Author Topic: Dogs for squaring the rail and fence on MFT/3  (Read 964 times)

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Offline Dennis Clark

  • Posts: 1
Dogs for squaring the rail and fence on MFT/3
« on: August 05, 2019, 11:08 AM »
Hello Everyone,
I've been reading posts on the FOG for the past year to get a general background on Festool tools, and to help me decide which tools to purchase. I now have the MFT/3 and the TSC 55 track saw, and I could use some assistance. Specifically I want to square up my fence and guide rail using the procedure that half-inch shy demonstrates in his video viewable at:

In this video he uses Qwas dogs which are no longer being manufactured or sold, so I want to find an equivalent substitute. It appears there are now numerous dogs available with many different characteristics for varying applications. I'm hoping that you can tell me which dogs you are using in the 20mm holes on an MFT style table, the purpose for which the dog is being used, and what you like and perhaps don't like about the dogs you are using or have tried. I realize this information should be easily obtainable by simply googling MFT dogs, but I am blind so gathering accurate information about products pictured on the internet is challenging. My computer has speech output which works well for text on web pages, but for videos I have to decipher what I can from the audio track accompanying the video.

I should add that I did purchase the  TSO GRS-16PE Parallel Edge Guide Rail Square to use for squaring the rail and fence. Unfortunately, the top edge of the TSO square is rounded,  so the edge of the square that is in contact with the fence is buried in the crevice between the fence and square and not "reachable" with ones  fingertips. This is why  the squaring method shown by half-inch shy using Qwas dogs looks like a workable alternative for me.

Thanks for  taking the time to read my post. I look forward to hearing about your experiences with the assortment of dogs on the market.

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Offline PaulMarcel

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Re: Dogs for squaring the rail and fence on MFT/3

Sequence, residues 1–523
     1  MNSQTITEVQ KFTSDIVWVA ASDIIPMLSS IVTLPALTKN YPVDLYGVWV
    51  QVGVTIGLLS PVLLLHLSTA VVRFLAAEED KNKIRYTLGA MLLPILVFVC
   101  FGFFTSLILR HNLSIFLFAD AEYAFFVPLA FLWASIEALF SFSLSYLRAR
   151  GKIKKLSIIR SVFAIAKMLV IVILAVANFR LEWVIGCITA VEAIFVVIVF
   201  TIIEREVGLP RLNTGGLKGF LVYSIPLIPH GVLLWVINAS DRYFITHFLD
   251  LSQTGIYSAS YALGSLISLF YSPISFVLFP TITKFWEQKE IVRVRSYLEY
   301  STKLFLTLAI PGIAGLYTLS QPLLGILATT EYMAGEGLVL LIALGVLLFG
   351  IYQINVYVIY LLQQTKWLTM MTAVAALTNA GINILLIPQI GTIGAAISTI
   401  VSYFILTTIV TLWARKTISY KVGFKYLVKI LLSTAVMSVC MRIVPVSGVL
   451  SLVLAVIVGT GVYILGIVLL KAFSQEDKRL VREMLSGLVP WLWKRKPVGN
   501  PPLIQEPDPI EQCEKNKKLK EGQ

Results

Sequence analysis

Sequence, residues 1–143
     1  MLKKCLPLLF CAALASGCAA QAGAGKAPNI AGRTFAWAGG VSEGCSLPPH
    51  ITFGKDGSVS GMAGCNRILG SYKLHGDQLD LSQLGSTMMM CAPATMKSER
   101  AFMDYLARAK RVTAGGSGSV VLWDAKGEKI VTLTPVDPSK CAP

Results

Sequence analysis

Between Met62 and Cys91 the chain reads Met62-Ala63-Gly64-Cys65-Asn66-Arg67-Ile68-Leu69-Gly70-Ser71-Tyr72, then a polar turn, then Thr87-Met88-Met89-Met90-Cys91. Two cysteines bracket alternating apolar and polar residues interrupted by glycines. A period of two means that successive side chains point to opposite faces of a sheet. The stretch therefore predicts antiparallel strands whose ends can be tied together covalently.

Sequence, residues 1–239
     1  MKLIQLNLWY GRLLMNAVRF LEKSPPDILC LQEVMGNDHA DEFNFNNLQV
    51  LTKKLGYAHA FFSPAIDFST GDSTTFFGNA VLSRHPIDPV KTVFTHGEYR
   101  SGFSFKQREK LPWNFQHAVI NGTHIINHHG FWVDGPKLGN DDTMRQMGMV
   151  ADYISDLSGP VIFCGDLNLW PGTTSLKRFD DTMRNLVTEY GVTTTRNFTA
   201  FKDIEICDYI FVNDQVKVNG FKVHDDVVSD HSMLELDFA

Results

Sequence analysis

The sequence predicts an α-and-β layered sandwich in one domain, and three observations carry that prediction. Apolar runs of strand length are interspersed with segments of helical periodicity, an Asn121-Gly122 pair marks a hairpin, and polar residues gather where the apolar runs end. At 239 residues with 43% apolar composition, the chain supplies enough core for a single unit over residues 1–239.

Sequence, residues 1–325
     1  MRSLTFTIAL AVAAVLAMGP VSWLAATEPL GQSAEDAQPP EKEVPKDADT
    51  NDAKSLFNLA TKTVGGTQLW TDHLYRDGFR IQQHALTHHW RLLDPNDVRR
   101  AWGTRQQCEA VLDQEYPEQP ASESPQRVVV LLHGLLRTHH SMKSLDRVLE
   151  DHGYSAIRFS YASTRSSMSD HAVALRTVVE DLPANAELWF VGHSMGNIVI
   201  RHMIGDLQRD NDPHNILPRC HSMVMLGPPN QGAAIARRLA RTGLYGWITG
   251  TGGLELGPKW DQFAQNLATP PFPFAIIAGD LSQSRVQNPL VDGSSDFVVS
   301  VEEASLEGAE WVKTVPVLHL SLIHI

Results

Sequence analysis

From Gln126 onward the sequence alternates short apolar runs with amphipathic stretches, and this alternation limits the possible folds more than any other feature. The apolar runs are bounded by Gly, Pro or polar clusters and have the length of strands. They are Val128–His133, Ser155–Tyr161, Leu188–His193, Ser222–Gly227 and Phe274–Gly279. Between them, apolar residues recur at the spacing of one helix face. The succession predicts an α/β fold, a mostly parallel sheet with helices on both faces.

« Reply #1 on: August 05, 2019, 11:21 AM »
Hi, Dennis,

You could use other dogs that are of a consistent size. TSO Dogs and Parf Dogs for example.

TSO Dogs:
Parf Dogs:,41637
« Last Edit: August 05, 2019, 11:46 AM by PaulMarcel »
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Offline Dick Mahany

  • Posts: 551
Re: Dogs for squaring the rail and fence on MFT/3
« Reply #2 on: August 05, 2019, 11:56 AM »
As another possible option, I use a pair of Lee Valley small aluminum dogs for securing my MFT3 fence.  They have a flat face and were easily cross drilled through the face to take an M6 machine screw and nut which fit perfectly into the MFT fence t-slot.  It won't offer the max cross cut capacity, however it works better (for me) to maintain squareness than using a pair of the Festool fence clamps which used to slip slightly thereby throwing the squareness off.

Offline Birdhunter

  • Posts: 3044
  • Woodworker, Sportsman, Retired
Re: Dogs for squaring the rail and fence on MFT/3
« Reply #3 on: August 05, 2019, 01:31 PM »
I have a vast amount of admiration for the Halfinchshy videos, but I think there is a far simpler way to get square cuts on the MFT using the TS55.

I drop 2 dogs into holes along the top edge of the MFT then butt a Woodpecker framing square or the Woodpecker MFT square against the 2 dogs.

I then drop the rail down and check it against the square. I’ve only seen it out of square once over many years.

I then butt the wood against the same 2 dogs, drop the rail, and saw.  I do use a SlopStop to eliminate any looseness.

Any of the upper end dogs work, but I favor the Parf Dogs. There are cheaper large squares available but the Big Box squares are mostly stamped and seldom really square.

Offline Mario Turcot

  • Posts: 1193
Re: Dogs for squaring the rail and fence on MFT/3
« Reply #4 on: August 05, 2019, 02:10 PM »
I think the most important when using dogs to square, is to use a pair of the same dogs. No matter the brand use two of the same.

Offline Roachmill

  • Posts: 213
Re: Dogs for squaring the rail and fence on MFT/3
« Reply #5 on: August 05, 2019, 02:39 PM »
Also, check your top is flat and not sagging. A sagging top can knock things out slightly if you use dogs to align along and across the top. Using 2 dogs along the back and a good big square to align the rail to them mitigates that fairly well. That's my experience anyway!